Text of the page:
Hannah’s prayer expressed her complete delight in the Lord.  The prayer is one of the longest in the Old Testament and lifts up God’s name, Yahweh, 18 times.  Although Hannah was not an ancestor of Jesus, the prayer, or praise song, contains the first reference to the Messiah:

He will give strength to his King and exalt the horn of his anointed. 1 Samuel 2:10b

In The Remarkable Women of the Bible, Elizabeth George outlines the content of Hannah’s praise song.

1.  From 1 Samuel 2:1-10, note the attributes of God that Hannah extols:

2:1 I rejoice in Your ____________________________.


2:2 No one is __________________ like the Lord.


2:2 There (is no) ­­­­­­­­­­­­­­­­­­­­­­­­­­­­­­_______________________ like our God.


2:3 The Lord is the God of ______________________________.


2:4  Only the Lord has the ____________________ to make the mighty weak….and the humble exalted.


2:9-10  The adversaries of the Lord shall be _________________________ in pieces.


2.  How old was Samuel when Hannah took him to Eli? (1:24)

Hannah had gone “before the Lord” with her request.  Samuel was presented to the Lord (1:24) and he remained “before the Lord” always (2:11,18,21).

3.  What shows Hannah’s steadfast love and care for her son, even from a distance? (2:18-19)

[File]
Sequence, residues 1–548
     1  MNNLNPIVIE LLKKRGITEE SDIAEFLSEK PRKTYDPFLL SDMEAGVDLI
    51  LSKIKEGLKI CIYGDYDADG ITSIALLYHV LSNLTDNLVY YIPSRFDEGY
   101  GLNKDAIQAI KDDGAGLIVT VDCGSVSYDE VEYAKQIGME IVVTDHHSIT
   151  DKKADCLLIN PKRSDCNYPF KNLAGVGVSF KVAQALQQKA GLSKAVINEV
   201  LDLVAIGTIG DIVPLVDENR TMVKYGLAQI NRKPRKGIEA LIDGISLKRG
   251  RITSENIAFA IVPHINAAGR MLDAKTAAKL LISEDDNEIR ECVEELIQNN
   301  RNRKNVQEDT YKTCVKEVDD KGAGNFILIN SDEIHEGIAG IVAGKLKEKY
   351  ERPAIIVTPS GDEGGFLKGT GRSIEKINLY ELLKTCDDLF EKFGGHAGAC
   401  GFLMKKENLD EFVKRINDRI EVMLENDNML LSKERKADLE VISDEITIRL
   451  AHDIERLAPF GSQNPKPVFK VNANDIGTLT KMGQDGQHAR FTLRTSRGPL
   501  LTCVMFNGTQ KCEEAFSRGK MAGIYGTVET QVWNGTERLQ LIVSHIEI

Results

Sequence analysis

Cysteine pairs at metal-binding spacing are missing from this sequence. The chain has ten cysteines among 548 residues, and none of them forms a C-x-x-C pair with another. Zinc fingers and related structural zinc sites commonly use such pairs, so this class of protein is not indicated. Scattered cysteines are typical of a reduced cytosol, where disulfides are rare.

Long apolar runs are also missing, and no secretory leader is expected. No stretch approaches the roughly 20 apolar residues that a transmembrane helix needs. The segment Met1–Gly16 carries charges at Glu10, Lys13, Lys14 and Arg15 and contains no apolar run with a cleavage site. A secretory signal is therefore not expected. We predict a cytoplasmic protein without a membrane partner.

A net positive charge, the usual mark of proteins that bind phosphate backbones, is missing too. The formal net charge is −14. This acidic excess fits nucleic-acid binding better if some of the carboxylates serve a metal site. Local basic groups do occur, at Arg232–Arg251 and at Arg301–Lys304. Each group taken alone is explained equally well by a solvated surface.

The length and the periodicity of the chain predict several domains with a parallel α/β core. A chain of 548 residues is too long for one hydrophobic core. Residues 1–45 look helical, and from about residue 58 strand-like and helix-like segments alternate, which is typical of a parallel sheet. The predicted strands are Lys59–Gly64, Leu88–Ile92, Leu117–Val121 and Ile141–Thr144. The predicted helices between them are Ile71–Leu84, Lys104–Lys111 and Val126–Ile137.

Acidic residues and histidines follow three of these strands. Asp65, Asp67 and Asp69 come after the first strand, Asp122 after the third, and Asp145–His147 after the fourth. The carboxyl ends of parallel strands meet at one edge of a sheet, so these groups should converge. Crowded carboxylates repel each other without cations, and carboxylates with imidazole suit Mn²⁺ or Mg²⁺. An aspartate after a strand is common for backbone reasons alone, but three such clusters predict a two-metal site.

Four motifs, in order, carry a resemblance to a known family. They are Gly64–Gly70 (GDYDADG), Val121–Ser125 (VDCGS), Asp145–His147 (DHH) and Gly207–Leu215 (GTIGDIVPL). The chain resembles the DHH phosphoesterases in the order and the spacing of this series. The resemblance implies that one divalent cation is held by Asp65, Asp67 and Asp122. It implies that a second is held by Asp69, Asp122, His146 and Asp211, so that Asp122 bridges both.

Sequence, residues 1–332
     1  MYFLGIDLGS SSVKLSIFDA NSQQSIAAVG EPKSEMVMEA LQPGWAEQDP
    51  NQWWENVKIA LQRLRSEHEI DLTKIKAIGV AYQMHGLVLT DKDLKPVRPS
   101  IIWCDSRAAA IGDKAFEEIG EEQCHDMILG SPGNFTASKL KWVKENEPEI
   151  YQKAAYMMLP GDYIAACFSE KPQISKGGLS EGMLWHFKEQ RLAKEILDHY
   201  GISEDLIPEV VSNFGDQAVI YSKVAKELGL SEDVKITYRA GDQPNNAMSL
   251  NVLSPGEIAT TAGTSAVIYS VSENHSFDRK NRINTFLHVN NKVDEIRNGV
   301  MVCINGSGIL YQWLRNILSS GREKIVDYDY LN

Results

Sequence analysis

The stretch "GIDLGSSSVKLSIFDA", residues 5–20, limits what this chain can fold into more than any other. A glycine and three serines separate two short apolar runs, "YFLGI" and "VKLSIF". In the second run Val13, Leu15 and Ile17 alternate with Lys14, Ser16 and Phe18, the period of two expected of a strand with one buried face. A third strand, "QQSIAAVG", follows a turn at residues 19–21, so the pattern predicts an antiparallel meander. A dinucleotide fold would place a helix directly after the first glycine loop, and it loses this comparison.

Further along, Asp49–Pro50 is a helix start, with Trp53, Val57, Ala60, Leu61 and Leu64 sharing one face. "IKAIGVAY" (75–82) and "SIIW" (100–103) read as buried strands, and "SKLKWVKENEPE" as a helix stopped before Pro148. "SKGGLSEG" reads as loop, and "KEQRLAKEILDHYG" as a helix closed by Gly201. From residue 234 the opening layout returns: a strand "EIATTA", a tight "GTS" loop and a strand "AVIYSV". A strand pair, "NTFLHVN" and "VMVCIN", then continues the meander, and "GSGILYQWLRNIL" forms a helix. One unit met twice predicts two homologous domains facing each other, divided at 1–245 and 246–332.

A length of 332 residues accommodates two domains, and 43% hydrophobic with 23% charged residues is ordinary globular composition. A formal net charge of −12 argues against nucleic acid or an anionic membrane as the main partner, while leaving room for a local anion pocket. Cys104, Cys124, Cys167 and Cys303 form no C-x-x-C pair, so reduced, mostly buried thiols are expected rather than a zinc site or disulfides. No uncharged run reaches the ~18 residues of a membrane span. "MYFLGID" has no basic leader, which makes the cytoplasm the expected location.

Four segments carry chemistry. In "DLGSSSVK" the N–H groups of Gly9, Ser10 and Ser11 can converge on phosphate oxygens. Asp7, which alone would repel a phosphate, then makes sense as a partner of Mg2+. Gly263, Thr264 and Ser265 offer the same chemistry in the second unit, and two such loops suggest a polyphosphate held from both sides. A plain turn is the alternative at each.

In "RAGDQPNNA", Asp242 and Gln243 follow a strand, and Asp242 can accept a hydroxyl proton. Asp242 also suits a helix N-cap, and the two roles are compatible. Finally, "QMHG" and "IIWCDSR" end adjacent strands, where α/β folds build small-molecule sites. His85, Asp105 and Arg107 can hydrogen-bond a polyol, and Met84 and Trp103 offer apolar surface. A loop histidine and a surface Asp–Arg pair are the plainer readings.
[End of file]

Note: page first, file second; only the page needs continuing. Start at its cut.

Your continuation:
4.  How did God further bless Elkanah and Hannah? (2:21)

Everything about Hannah’s life provides inspiration and example for us today.  The fact that she had deep, unmet longings was not wrong.  Her story has shown us a way  to handle our deepest unmet desires.

IV.  Our Path from Petition to Praise.

1.  Read Psalm 17:1-3.

What do you think are the deeper longings of mankind that only God can see?

Think about your own deepest longings.  Have you asked God about them?

2.  Read James 4:2b-3 and Matthew 6:18-21.

Why doesn’t God give us what we ask for sometimes?

3.  Jesus reminds us in Matthew 6:25-34 not to worry about earthly things because the Father knows what we need to sustain earthly life.  Is it wrong to ask God about earthly things? Why or why not?

(cf. Matthew 6:11)

4.  Read Matthew 7:7-11.

What kind of gifts does God give? Are the things we ask good for us?

In this scripture Jesus says to “ask”.  What requests would God be delighted to answer?

God answered Hannah’s heartfelt prayer by providing for her deepest need, the need to delight in the Lord. If God were to personally ask you to trade in your deepest longings for a deeper relationship with Him, would you accept?

5.  Hannah’s story ends with a song of praise.  Create your own expression of praise, or write down words from a praise song that are meaningful to you.

Key Question:  What area of worry and want in your life will you exchange for delight in the Lord?